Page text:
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  Could the cosmological constant be due to vacuum fluctuations in a box, i.e., in a finite universe?

+ 0 like - 0 dislike

Assumption: If the universe were a finite box whose boundary is the cosmological horizon, then there would be a zero-point energy inside that box.

Consequence 1: This zero-point energy would be given by the size of the box. The calculated energy value is very similar to the measured cosmological constant. 

Consequence 2: The zero-point energy would have been larger when the universe was smaller. The cosmological constant would not be a constant, but decay in time. 

Question: Could that be the case?

asked Mar 3 in Theoretical Physics by Benny [ no revision ]
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Maybe, who knows? But note that actually "the box" has a lot of suff in it; in other words, the box state is not the ground state, but highly excited one. Finally, we cannot apply QM to the whole Universe, but only to a small part of it.

One issue would be the sign of the casimir force. As the casimir force turns out to be attractive, it can not be used to model a positive cosmological constant.

@Dilaton: Casimir force is a particular case of interaction of two neutral material bodies. Generally is it kind of Van des Waals force that can be a complicated function of the distance and orientation of two neutral bodies. The "borders of the Universe" are not such interacting  bodies.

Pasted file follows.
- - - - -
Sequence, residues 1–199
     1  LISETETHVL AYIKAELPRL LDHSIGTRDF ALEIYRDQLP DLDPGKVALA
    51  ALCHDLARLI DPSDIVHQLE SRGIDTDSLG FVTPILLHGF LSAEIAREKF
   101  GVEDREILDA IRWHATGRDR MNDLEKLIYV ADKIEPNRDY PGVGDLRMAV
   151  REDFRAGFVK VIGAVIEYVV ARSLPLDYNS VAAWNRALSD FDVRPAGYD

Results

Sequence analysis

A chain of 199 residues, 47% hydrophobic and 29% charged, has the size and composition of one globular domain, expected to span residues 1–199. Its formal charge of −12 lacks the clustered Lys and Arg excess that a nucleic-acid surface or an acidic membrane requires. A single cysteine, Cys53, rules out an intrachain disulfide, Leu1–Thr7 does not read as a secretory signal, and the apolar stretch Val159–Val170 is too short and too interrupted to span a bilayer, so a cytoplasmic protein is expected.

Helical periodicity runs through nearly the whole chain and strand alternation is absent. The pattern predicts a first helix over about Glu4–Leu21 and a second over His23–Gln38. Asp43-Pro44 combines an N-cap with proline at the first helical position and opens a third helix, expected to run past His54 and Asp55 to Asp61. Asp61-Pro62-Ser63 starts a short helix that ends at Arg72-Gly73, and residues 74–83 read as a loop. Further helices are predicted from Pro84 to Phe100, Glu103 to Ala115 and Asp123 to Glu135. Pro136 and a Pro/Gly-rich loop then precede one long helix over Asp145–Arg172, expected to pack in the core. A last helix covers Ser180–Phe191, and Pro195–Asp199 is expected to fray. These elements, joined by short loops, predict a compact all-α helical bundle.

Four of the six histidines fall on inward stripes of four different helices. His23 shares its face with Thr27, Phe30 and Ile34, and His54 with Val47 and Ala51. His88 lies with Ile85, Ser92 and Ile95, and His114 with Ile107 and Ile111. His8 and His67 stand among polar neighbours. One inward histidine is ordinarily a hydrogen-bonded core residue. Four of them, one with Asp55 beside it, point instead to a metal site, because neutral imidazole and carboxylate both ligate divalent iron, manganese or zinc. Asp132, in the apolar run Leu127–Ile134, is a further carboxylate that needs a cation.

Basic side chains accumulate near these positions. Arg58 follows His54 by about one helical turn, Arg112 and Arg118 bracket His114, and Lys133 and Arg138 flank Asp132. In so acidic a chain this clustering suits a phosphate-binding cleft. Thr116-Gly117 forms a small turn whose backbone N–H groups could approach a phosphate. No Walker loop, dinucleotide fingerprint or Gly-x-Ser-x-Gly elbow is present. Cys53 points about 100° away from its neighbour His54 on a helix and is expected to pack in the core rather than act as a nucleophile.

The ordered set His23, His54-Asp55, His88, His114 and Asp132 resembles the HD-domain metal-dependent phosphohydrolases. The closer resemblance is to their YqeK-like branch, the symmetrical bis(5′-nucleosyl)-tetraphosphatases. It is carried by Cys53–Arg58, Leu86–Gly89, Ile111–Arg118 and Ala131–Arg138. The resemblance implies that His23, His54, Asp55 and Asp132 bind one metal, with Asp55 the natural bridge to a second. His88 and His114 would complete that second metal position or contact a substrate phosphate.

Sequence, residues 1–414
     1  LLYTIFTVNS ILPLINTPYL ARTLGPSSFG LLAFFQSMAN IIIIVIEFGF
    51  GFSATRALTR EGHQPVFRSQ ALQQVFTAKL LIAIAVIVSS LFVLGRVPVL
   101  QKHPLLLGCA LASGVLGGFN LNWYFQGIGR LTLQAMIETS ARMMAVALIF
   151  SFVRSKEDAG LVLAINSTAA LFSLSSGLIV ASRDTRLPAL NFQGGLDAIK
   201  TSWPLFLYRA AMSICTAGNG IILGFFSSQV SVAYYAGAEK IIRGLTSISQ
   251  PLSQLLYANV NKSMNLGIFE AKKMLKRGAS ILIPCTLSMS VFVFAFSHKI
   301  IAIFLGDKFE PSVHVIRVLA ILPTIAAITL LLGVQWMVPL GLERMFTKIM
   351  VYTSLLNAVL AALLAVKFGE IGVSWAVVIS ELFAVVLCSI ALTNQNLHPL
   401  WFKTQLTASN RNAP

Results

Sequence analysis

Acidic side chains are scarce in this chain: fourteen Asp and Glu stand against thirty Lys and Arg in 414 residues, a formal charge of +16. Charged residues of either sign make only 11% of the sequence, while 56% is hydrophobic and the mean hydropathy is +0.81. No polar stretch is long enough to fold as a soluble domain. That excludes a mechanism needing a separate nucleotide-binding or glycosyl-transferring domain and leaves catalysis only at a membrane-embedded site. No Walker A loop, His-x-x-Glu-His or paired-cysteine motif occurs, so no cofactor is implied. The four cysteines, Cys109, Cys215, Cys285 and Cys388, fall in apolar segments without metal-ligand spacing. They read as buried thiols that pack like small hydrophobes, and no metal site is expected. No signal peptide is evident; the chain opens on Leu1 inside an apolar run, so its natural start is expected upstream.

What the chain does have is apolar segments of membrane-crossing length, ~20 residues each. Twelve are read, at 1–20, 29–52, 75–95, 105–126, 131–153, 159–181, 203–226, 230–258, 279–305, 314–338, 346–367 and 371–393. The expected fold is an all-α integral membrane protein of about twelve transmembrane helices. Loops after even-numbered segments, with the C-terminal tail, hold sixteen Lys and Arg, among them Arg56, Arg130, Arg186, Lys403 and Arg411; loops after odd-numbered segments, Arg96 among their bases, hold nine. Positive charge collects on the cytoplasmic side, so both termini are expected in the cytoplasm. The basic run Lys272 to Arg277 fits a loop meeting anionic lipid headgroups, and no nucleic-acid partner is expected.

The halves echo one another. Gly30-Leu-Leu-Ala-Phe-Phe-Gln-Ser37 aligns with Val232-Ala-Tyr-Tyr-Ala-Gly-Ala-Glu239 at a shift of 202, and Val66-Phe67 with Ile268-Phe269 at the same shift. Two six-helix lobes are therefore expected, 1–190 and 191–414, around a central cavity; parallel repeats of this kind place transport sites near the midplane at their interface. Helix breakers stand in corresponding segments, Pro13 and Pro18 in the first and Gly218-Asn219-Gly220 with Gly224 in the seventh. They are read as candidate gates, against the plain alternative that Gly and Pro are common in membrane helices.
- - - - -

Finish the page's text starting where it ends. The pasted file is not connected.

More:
The Universe itself is not that microscopic object to safely apply QM. On the contrary, it is a macroscopic object, or a macroscopic process, as a matter of fact. It is not "repeatable" and it is unknown to us, to tell the truth. Those who dare apply QM, QFT, string theory, etc. to the whole Universe pay Ein Taler.

@VladimirKalitvianski  I am afraid, your interpretation of the Casimir force is quite far from being complete. This force can arrise in any quantum system with boubdaries or interfaces (i.e. surfaces of volumes where quantum fields have different properties) Solid bodies are just one example of such boundaries. 

@IgnatRU: Then look into the "Quantum Electrodynamics" by LL (Berestetsky, Lifshitz, Pitaevsky), where they calculate the long-distance interactions of atoms. You will see the retarded interaction contribution. The inequality that defines well the distance $R$ is $R\gg a_0$ for example. It is clear that an ensemble of atoms interact in the same way: there are charges and electromagnetic field in the play. Some things can be simplified and reduced to effective "boundaries" with specific properties, but it is still a QED calculation.

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@VladimirKalitvianski  I am sorry, where did you get that QFT is only about a small part of the universe? 

@IgnatRU: I am sorry, but this is another subject. It is about Physics and its relationships with Mathematics. There was a prominent physicist, Julian Schwinger, who mastered math well and who knew QFT as one of its creators. He wrote a work called "Particles, Sources, and Fields" from a physical point of view. In this work he clearly oulined the domain of applicability of QFT. Maybe this answers your question.

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